Tuesday, May 02, 2006

Big Bear, Big Taste

This is the time of year where it becomes difficult to find a spare moment to write about my beloved brew. Yard work, kids and repairs. Did I mention yardwork? Well, I finally got the time and I had a Root Beer in the fridge ready and willing to give it up for the cause, Bennett's Big Bear Root Beer.

This is an odd Root Beer that uses molasses as a dominating flavour and manages to make it work. I've tried a couple of other brews that used molasses and didn't care for them at all, but Bennett's changes that for me. As a good Southerner I actually do like the flavour of molasses in many things. It's the original American sweetener and is used much too infrequently these days . Big Bear manages to make good use of the flavour, even if it overshadows the Root Beer extract they used.

This was a nice Root Beer, despite the HFCS and I can easily see why B. Scott Bennett developed this particular Root Beer for use as a Float Brew for his Los Angeles Farmers Market Ice Cream store, it would go well paired with a scoop of vanilla. From what I can gather, that's what Big Bear was created to do and it likely does it well, (I didn't have any ice cream around or I'd give you a definitive answer to that one!). On its own, tho it still stands as a drinkable Root Beer.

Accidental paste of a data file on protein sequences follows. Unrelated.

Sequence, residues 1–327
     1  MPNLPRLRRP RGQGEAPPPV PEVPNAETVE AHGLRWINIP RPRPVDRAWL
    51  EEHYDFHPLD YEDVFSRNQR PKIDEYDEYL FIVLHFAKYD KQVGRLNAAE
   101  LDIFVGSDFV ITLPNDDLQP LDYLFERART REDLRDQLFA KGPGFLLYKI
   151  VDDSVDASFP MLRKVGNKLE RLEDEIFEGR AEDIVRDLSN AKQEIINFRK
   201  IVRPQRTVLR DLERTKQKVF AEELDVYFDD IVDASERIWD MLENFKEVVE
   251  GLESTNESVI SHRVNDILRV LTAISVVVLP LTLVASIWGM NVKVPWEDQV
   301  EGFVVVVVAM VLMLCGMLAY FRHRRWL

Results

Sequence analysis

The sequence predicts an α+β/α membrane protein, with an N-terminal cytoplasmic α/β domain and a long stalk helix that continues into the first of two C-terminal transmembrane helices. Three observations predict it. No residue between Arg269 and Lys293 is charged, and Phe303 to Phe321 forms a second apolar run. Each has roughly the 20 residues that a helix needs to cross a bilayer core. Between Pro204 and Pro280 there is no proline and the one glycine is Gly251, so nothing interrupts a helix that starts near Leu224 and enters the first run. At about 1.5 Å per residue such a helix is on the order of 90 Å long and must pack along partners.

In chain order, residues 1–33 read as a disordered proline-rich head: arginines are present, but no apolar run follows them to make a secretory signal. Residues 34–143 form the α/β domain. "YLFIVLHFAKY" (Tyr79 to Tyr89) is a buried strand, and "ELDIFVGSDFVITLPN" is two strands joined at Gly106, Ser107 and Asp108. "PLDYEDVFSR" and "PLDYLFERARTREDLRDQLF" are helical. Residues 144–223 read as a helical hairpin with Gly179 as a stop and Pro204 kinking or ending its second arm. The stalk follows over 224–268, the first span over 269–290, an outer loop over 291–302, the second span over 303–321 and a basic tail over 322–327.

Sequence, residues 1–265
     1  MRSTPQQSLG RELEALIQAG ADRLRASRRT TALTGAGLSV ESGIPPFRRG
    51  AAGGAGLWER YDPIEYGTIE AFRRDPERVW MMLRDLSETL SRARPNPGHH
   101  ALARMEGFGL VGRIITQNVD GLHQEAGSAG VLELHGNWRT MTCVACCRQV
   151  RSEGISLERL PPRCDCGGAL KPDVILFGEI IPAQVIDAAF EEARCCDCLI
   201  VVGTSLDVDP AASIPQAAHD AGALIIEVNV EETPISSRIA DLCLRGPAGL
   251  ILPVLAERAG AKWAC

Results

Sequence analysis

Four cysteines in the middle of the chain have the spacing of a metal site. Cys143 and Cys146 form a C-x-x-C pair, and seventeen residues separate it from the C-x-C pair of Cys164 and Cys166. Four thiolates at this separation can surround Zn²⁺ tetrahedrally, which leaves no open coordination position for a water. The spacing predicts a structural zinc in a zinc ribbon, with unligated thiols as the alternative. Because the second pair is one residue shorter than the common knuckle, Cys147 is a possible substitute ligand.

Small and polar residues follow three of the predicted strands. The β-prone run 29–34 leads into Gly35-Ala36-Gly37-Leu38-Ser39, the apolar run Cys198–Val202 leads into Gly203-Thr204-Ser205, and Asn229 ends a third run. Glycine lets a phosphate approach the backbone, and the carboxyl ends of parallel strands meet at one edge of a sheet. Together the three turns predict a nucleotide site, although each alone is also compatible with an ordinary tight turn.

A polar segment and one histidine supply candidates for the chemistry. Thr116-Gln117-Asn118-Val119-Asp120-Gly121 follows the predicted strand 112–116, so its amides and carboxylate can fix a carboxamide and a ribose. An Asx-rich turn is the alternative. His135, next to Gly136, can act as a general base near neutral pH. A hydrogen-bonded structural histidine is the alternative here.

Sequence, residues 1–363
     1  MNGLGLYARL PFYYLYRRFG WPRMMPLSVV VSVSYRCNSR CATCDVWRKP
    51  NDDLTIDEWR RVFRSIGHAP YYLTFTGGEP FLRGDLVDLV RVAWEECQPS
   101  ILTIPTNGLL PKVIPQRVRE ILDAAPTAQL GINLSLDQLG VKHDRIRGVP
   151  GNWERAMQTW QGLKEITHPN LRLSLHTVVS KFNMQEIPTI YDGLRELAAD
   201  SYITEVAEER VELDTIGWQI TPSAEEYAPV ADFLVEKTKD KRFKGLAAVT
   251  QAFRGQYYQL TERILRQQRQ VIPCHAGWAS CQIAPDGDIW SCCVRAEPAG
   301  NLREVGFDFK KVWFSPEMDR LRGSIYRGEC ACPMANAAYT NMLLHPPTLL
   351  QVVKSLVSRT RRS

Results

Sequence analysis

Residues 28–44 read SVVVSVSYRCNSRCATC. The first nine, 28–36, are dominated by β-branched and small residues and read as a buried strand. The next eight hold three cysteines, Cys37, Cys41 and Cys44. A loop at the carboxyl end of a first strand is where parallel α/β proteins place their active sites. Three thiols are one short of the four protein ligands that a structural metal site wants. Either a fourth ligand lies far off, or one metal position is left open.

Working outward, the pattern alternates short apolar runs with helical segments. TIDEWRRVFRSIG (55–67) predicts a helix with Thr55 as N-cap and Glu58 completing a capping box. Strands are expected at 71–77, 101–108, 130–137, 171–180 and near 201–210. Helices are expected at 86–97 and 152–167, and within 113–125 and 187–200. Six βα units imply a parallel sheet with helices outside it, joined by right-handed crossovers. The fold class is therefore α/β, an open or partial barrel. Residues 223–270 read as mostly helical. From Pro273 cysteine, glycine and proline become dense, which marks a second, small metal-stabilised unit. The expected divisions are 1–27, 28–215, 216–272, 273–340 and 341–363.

Filtered Water
High Fructose Corn Syrup
Root Beer Extract
Sodium Benzoate

Carbonation: Nice carbonation that adds bite.
Mouth Feel:Not too creamy.
Root Beer Flavour: The flavour of Big Bear is old style draft when it's not overwhelmed by molasses.
Aroma: Molasses and light old style draft Root Beer smell.
Head:Nice head.
Aftertaste: Need I say it? It has a molasses aftertaste. Nice.
Overall Taste: Molasses dominated Root Beer in this one and that's not necessarily a bad thing. The Root Beer flavour is hiding in the background but it is there. Overall this brew has a nice flavour and I won't turn one down if offered!

Bennett's Big Bear Root Beer gets a 6.5/10 or a B

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sunni said...

I like molasses too, and have noticed fewer recipes using it. Maybe I'll have to devise a few of my own to buck that trend. Isn't maple also a uniquely American sweetener?

Michael said...

I do believe that you are correct. I have never noticed maple syrup anywhere but the US and Canada as anything but an import. I am a huge fan of molasses and cane syrups and so are my kids. All the mass produced syrups around now are HFCS and artificially flavoured. Yuck. Mississippi produces some of the best sorgum and canes syrups around, (as well as some blends) and we usually stock up enough for a year or two when we get down that way. Unfortunately, we won't be back that way this year so I'll have to see what the Carolinas and Virginia have to offer.